However, the latter will lead to on-targeted and off-tumor toxicity such as targeting the melanocyte antigens Melan-A (MART-1) or gp100 which may trigger autoimmune attack of normal tissue with melanocytes, such as skin, eye, and ear. trials proved a synergistic antitumor effect with the combination of targeted therapy and immunotherapy, implying a encouraging prospect for the treatment of metastatic melanoma. In order to achieve a better therapeutic effectiveness and reduce toxicity in patients, great efforts need to be made to illuminate multifaceted interplay between targeted therapy and immunotherapy. (62). These findings indicated downstream pathways of PD-1 are functionally redundant, which was possibly implemented by redundant phosphatases. Normally, this unfavorable opinions mechanism of PD-1/PD-L1 axis balances the immunity and immunopathology, thus to diminish tissue damage while limiting anti-tumor activity through immune evasion. PD-1 is usually usually highly expressed on activated or worn out T cells subsequent to prolonged exposure to high antigen loads. Typically, AM251 PD-L1 is usually upregulated on APCs or tumor cells which are capable of evading immune system surveillance, including metastatic melanoma cells (63, 64). PD-L1 is usually expressed on numerous cell types including T cells, B cells, NK cells, and tumor cells, the expression of which is usually driven by cytokines (IFN-) dependent and independent mechanisms, and the latter entails PTEN deletion, anaplastic lymphoma kinase (ALK) and EGFR mutation (65C67). Sometimes, the expression of PD-L1 is usually a biomarker for immunotherapy, whereas the expression of PD-L2 is largely confined to APCs. In addition to inhibiting the activation and other functions of T cells, PD-1 signaling may also regulate metabolic reprogramming, attenuate glycolysis and simultaneously promote lipid catabolism and fatty-acid oxidation, induce energy derivation, and partly lead to T cell exhaustion (68). PD-1 is usually a marker of effector T cells because it is usually expressed on all of the activated T cells, but not an exhaustion-specific molecule. PD-1 blockade can increase tumor rejection by reinvigorating T cell function, making it a predominant target for immunotherapy. It was another breakthrough of immune checkpoint blockade that nivolumab (BMS-936558) and pembrolizumab, two fully human anti-PD-1 monoclonal antibodies, were approved by FDA for the treatment of unresectable or metastatic melanoma in 2014. In a phase III trial, nivolumab dramatically improved PFS (5.1 vs. 2.2 months) and OS at 1 year (72.9 vs. 42.1%) compared with dacarbazine in metastatic melanoma without BRAF mutation. Besides, grade 3/4 adverse events were lower in nivolumab group (11.7%) than in dacarbazine group (17.6%) (69). As reported, drug-related adverse events with nivolumab were lower than those with ipilimumab (70). Similarly, pembrolizumab had better results in clinical outcomes than ipilimumab in advanced melanoma (71). Despite the dramatic progress in prognosis with monotherapy of PD-1 blockade, remission sustained only in a subset of patients. Therefore, it is crucial to selectively target this populace and develop effective combinatorial strategies for patients not benefiting from monotherapy. The expression of PD-L1 in tumors may be an indication for the prognosis (72, 73). Other parameters have also been pointed out, such as: (1) genetic signatures enrichment (metabolic signatures, mesenchymal, and suppressive inflammatory transcriptional phenotypes); (2) the presence and activity of TILs (more clonal T cell populace and less TCR diversity, transcriptional signature in which cytokine genes are increased); (3) general immune status of the patients (neutrophil to lymphocyte ratio and the frequency of circulating monocytes); (4) tumor foreignness HHIP (MSI-H tumors carry high mutational weight; neoantigens); (5) the presence of other inhibitory signaling within tumor cells (MDSCs, Tregs, inhibitory molecules) (74). Additionally, gut microbiome might regulate the response to PD-1 blockade immunotherapy in melanoma patients. More specifically, enrichment of family in gastrointestinal system is usually associated with a better prognosis (75). In order to maximize the clinical outcomes, combinatorial therapy is usually in need to further strengthen antitumor efficacy. Combination of anti-PD-1 with anti-CTLA-4 therapies significantly induced tumor regression in various malignancy types, including melanoma. According to AM251 a recent clinical trial, for PD-L1-positive melanoma patients with brain metastasis who received nivolumab plus ipilimumab, the intracranial clinical benefit rate was 57%, objective response rate was 55%, total response rate was 26%, with 6-, 9-, and 12-months survival of 92.3, 82.8, and 81.5%, respectively. Additionally, the incidence of immunotherapy-related adverse effects was not different from that of nivolumab or ipilimumab alone (76, 77). In addition to PD-1 blockade, anti-PD-L1 antibody has also been verified as an effective approach to improve antitumor effect by disrupting PD-1 signaling. As shown by Wang et al. the combination AM251 of diprovocim (TLR1/TLR2 agonist) and anti-PD-L1 eliminated melanoma completely in mice model by increasing TILs (78). Other Immune Checkpoint Blockades Apart from CTLA-4 and PD-L1, other immune checkpoints expressed on activated or worn out T cells include AM251 LAG-3, TIM-3, TIGIT, CD96, BTLA and CD160, which dampen T-cell effector function via diverse inhibitory signaling pathways. LAG-3 is similar to CD4 co-receptor in structure with greater affinity to MHC class II than CD4 (79). In addition to expression on activated T cells, LAG-3 was also found on the surface of NK.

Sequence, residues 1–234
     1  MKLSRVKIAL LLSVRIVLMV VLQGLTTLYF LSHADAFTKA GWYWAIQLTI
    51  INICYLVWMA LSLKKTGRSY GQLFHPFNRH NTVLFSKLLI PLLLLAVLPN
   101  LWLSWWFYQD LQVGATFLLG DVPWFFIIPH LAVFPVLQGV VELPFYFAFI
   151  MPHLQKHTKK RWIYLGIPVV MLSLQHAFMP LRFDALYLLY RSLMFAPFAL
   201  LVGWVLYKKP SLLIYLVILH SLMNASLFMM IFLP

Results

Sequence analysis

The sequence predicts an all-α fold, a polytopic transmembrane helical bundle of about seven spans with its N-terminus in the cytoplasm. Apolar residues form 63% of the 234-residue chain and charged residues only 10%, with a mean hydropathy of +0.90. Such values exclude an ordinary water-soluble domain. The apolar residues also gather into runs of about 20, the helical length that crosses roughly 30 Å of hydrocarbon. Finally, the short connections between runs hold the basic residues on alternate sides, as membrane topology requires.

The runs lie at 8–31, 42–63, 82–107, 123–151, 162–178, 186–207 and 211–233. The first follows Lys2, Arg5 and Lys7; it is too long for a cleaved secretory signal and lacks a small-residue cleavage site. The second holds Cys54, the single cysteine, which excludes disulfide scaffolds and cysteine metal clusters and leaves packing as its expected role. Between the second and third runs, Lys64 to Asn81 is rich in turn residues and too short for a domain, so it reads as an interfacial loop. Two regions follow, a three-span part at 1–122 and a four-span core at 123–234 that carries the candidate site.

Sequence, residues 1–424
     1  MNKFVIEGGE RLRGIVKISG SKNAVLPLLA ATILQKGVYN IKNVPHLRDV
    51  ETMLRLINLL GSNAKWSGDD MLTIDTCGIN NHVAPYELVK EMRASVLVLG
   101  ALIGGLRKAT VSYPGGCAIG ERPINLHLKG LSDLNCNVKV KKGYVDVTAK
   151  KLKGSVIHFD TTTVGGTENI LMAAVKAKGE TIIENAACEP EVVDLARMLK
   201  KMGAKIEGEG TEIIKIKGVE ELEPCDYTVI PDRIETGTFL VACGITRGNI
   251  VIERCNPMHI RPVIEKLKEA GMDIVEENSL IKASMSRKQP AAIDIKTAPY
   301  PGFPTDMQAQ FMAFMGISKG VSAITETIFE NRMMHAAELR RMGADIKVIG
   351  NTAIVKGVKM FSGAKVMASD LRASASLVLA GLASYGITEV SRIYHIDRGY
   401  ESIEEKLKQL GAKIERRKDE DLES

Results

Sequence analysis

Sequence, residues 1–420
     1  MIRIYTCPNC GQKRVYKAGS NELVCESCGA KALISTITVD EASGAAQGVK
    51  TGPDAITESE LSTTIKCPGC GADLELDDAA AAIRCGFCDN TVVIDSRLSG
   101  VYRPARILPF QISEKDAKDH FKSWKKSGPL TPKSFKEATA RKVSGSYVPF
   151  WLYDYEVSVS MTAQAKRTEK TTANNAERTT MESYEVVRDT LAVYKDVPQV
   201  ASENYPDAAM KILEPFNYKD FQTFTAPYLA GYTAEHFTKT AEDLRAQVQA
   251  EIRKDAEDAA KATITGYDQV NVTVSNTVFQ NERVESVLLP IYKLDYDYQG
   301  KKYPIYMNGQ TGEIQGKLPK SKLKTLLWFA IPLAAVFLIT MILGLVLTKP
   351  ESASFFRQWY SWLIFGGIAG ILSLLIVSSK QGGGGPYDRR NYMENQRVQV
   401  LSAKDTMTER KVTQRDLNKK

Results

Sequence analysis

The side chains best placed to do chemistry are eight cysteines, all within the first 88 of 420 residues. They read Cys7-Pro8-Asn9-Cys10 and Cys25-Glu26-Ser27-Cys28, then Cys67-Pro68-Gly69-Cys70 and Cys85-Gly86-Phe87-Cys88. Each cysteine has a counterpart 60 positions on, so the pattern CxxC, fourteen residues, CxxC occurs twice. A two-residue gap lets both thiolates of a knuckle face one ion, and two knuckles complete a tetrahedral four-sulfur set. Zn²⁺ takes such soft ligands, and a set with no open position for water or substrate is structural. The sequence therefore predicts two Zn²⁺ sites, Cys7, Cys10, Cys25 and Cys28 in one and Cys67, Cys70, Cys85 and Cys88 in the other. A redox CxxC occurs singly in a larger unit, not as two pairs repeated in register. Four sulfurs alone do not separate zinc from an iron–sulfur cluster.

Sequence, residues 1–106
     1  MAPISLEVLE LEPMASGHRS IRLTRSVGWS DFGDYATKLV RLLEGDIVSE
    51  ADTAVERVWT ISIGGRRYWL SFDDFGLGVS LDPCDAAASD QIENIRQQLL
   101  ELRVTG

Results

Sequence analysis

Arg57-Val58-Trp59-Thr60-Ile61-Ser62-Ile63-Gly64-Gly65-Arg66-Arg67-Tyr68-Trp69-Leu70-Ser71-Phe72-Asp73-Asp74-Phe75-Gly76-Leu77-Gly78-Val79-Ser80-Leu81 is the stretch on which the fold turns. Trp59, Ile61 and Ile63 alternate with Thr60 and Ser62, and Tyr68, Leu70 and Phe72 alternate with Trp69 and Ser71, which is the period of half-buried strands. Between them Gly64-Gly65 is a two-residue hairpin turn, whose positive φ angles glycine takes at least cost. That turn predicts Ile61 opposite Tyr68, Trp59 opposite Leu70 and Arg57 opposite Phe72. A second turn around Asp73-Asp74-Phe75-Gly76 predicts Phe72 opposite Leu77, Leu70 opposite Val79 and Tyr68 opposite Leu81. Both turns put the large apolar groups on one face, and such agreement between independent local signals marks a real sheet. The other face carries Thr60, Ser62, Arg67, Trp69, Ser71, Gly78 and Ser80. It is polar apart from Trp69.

However, the latter will lead to on-targeted and off-tumor toxicity such as targeting the melanocyte antigens Melan-A (MART-1) or gp100 which may trigger autoimmune attack of normal tissue with melanocytes, such as skin, eye, and ear